FSC notifies savings banks of reviewsAfter a lull since last year’s crisis, troubled savings banks are expected to face restructuring and possible suspension as early as next month.
Financial regulatory officials confirmed yesterday that multiple savings banks were notified last week of the results of on-site reviews that ended in late March.
The on-site reviews determined savings banks that need to submit turnaround plans, with a Bank for International Settlements (BIS) capital adequacy ratio of 5 percent or less - indicating a bank on the brink of insolvency - or savings banks with debts exceeding assets.
Unlike savings banks with a BIS capital adequacy ratio of between 1 to 5 percent, which are subject to turnaround “recommendations” or “requests” from financial regulators, savings banks with a BIS capital adequacy ratio of less than 1 percent receive a turnaround “order.”
Those with BIS ratios of less than 1 percent and debts exceeding assets are subject to suspension.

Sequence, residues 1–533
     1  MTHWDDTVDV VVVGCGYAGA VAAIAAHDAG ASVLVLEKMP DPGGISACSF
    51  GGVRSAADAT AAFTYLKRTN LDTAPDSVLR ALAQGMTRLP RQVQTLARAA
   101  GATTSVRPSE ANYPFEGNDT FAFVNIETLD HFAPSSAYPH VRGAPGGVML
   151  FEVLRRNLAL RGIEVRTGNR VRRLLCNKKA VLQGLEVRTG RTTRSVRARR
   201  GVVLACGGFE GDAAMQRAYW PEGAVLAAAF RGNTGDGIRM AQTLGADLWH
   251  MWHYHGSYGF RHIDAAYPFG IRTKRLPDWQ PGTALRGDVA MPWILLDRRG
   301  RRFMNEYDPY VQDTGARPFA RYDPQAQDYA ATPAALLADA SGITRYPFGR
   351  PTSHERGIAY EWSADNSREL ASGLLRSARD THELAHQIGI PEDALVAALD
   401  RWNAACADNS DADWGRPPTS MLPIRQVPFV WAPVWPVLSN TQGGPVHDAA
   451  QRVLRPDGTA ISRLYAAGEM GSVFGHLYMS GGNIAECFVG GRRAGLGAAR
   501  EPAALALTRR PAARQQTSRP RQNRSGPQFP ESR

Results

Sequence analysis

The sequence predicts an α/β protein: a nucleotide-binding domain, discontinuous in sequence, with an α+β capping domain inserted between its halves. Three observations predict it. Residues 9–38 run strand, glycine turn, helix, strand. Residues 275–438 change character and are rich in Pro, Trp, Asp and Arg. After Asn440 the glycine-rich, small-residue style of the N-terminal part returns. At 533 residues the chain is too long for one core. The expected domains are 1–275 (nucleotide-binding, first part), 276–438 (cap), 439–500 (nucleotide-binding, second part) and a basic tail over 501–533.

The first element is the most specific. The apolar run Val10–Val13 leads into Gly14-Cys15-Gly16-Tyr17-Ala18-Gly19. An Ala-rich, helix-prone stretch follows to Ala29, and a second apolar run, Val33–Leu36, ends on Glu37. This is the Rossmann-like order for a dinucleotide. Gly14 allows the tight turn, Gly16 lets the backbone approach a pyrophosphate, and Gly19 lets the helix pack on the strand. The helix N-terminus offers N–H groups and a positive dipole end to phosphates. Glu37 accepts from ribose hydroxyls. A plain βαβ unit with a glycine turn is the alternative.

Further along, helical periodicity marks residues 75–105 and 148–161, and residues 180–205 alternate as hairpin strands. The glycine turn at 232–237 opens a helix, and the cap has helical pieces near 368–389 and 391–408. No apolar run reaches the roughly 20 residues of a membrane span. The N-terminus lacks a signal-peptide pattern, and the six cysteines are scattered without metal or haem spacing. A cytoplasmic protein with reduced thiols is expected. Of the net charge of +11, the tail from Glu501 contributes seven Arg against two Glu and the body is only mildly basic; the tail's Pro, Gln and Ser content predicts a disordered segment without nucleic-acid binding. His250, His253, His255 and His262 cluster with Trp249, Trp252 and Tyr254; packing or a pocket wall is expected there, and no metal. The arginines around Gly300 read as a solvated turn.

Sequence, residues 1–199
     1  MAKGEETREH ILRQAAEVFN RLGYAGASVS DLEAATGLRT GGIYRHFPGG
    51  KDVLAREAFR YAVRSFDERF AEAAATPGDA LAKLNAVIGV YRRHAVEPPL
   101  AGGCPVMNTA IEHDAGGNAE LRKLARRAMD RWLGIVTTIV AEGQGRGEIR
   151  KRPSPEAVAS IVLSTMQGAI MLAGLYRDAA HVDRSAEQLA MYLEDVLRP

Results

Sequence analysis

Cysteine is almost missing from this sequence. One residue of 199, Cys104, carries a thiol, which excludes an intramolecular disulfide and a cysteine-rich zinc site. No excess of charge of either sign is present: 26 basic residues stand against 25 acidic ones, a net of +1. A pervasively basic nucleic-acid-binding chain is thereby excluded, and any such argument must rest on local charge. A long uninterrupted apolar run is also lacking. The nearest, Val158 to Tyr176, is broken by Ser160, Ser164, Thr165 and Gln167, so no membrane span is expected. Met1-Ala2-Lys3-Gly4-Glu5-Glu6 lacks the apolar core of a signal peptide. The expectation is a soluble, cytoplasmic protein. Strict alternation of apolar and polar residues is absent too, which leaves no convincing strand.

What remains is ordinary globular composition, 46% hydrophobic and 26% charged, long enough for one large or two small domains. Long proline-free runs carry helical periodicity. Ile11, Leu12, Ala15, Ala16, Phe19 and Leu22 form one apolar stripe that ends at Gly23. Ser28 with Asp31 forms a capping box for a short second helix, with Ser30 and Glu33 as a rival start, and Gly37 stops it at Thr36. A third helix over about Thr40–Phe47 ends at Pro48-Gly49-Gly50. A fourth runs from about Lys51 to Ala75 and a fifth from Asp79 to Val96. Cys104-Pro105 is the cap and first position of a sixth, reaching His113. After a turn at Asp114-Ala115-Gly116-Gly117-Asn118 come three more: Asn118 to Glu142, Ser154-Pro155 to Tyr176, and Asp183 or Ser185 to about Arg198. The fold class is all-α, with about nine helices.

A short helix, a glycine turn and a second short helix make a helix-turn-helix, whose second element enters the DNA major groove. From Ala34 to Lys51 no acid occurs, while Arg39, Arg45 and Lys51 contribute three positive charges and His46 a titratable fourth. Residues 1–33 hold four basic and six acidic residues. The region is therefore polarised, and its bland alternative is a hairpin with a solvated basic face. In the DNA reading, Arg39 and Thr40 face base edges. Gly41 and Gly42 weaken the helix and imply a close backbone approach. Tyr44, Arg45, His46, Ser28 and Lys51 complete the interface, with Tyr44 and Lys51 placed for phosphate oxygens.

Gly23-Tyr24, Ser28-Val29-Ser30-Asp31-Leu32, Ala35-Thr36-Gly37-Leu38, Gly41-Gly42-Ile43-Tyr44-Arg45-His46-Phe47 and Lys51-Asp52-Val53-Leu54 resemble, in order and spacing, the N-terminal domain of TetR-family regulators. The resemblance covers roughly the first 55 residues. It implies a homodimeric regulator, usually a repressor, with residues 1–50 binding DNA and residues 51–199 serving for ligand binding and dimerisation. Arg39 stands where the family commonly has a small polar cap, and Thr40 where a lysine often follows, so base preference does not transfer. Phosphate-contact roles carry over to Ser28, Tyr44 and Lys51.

Regulatory officials declined to confirm the number of savings banks notified, but at least four savings banks were reportedly tapped for turnaround plans to be submitted after 15 days, according to officials.
The savings banks could be on thin ice after regulators review turnaround plans for approval or rejection - and the latter seems likely as at least one savings bank reportedly had a BIS ratio of less than 1 percent.
“We intend to carry out a speedy, transparent restructuring [of savings banks],” said Financial Services Commission Chairman Kim Seok-dong in an interview last week.
“Going forward, there will not be a large-scale, across-the-board restructuring, but we will reorganize the sector using constant restructuring using market [forces].”
Kim said he believes that even if additional savings banks are suspended, there are sufficient interested buyers in the market to resurrect the banks without trouble.
“There are many [buyers] who wish to acquire savings banks,” he said.
By Lee Jung-yoon [email@example.com]
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